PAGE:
Thursday, September 4, 2008

Is there harm in telling parents their children's weight?

I read this article today, published in Pediatrics about how there was little harm in telling parents their children were overweight. The article was from a survey in the UK looking at the National Child Measurement Program in which parents are told their children's weight upon request. While it may be true that a small percentage of parents and children were not upset about their weight feedback, I still question the repercussions of the children.

The study says that 96% of the children (ages 6-7 years and ages 10-11 years) said being weighed was "okay" or enjoyable and about the same percentage said they would be measured again in a year. Of those, 10% of healthy weight and overweight children did not like being weighed. 15% of healthy and overweight children did not want to be measured again in a year. And most of the ones who responded negatively were older which would be about right at the beginning of puberty for some.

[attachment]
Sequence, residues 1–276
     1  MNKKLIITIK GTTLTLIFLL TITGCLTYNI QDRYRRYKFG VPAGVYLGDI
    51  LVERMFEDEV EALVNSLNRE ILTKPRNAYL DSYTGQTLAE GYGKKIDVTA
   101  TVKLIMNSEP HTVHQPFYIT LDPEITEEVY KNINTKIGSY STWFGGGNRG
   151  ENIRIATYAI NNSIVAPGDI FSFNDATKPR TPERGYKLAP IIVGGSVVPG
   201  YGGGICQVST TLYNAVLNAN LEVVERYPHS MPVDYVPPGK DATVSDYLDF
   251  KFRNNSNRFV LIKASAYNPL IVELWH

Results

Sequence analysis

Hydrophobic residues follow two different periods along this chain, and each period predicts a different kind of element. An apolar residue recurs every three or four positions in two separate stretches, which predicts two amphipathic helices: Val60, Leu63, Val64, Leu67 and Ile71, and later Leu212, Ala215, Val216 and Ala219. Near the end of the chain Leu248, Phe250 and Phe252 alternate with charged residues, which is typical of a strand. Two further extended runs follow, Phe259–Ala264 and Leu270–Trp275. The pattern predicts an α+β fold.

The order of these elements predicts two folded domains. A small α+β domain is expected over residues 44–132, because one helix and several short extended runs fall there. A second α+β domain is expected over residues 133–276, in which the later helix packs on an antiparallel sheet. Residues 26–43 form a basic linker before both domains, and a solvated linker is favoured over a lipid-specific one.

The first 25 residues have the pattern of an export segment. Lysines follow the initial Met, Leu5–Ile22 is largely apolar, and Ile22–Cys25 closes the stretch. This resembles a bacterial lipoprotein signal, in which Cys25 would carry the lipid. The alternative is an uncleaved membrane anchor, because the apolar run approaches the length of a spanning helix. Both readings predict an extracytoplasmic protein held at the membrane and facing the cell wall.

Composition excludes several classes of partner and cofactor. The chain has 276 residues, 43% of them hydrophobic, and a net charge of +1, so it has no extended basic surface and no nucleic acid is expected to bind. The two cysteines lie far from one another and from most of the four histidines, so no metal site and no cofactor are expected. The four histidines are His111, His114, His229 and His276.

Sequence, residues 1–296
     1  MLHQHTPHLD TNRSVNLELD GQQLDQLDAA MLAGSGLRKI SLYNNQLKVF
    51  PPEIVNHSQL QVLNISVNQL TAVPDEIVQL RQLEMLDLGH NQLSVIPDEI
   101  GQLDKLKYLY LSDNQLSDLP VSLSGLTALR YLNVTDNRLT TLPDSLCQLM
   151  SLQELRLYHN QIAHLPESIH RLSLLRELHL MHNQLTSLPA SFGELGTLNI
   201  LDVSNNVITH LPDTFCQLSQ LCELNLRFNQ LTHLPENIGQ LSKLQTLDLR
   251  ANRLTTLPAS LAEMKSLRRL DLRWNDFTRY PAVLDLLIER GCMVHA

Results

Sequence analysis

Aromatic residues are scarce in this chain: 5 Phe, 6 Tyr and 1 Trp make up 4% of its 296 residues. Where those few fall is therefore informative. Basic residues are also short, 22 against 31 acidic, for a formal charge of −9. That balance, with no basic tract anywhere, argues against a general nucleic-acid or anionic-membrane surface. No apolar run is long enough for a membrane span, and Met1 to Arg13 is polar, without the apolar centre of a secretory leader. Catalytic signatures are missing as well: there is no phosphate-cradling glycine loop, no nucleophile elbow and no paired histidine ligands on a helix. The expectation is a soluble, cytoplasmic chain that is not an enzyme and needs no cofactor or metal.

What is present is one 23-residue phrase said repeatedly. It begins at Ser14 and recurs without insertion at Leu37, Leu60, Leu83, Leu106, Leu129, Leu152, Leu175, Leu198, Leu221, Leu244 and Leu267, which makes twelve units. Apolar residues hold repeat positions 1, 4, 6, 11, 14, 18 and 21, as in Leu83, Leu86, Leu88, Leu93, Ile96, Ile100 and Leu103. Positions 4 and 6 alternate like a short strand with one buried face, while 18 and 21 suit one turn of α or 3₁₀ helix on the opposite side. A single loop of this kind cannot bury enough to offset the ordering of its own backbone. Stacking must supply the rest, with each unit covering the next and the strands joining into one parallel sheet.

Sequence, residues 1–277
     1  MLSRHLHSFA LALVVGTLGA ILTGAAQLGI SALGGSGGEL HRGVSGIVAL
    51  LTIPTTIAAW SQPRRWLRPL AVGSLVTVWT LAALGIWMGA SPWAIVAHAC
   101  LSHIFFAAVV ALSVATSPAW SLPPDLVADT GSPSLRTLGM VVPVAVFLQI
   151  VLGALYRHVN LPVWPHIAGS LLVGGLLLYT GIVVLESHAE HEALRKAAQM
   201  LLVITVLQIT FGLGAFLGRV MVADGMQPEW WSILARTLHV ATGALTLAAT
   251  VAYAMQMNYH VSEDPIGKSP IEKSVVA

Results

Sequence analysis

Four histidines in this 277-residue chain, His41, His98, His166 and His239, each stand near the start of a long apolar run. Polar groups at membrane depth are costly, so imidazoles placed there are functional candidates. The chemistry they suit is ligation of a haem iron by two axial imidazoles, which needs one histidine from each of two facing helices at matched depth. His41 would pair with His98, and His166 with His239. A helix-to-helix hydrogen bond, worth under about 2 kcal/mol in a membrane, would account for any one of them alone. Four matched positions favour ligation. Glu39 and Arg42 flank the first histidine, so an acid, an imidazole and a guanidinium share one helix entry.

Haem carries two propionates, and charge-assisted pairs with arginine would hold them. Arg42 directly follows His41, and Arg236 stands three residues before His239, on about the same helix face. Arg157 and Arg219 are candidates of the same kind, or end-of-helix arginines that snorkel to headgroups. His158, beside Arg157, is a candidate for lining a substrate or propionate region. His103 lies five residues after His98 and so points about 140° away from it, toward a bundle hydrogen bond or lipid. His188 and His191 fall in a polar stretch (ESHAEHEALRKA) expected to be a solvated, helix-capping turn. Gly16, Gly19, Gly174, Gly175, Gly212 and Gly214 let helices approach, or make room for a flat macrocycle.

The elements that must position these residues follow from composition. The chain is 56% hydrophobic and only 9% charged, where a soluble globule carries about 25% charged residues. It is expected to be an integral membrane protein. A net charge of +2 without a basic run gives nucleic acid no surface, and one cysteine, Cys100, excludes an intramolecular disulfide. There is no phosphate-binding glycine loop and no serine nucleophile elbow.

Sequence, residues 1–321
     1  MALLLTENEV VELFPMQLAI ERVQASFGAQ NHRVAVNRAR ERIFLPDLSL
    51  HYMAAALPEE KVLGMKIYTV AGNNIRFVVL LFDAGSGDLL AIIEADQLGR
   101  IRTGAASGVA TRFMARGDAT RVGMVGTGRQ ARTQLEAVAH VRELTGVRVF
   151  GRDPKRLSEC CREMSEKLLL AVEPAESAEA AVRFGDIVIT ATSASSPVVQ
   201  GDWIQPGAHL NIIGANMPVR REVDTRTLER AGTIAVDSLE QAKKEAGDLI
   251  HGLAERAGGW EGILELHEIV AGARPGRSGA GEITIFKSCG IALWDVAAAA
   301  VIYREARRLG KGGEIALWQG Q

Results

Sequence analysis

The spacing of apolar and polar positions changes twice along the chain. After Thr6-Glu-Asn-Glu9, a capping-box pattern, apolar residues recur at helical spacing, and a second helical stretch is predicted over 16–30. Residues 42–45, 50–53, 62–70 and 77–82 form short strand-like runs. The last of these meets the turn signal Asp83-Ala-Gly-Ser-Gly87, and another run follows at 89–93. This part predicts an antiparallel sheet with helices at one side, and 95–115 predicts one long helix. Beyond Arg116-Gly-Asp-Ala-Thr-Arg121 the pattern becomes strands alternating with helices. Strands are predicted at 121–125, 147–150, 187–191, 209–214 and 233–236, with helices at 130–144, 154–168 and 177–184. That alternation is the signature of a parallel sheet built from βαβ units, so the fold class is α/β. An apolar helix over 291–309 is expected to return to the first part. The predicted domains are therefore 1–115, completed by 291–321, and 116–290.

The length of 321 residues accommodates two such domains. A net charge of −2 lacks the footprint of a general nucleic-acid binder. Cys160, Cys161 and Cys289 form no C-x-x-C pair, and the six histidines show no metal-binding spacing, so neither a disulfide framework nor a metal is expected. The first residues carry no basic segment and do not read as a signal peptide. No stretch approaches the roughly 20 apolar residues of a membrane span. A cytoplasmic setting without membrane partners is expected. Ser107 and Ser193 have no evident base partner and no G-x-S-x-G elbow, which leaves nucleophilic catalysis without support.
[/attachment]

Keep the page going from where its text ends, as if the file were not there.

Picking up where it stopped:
The article also says that there was only a slight increase in restriction of food by parents of overweight girls, but that it wasn't apparent that parents were becoming overly vigilant about their eating habits after feedback.

There's a lot missing in this survey. Even if about half of the parents of overweight children changed their dietary and physical habits after feedback was given of their children's weight, there is no indication of how they did this, how they told their children, and whether it was merely to be "healthier" or to just lose weight. I think these are all important questions to ask. There's a lot to be said for how parents and other professionals talk to someone about weight. And I think with children, the utmost of care ought to be given with little emphasis on BMI or a number on a scale.

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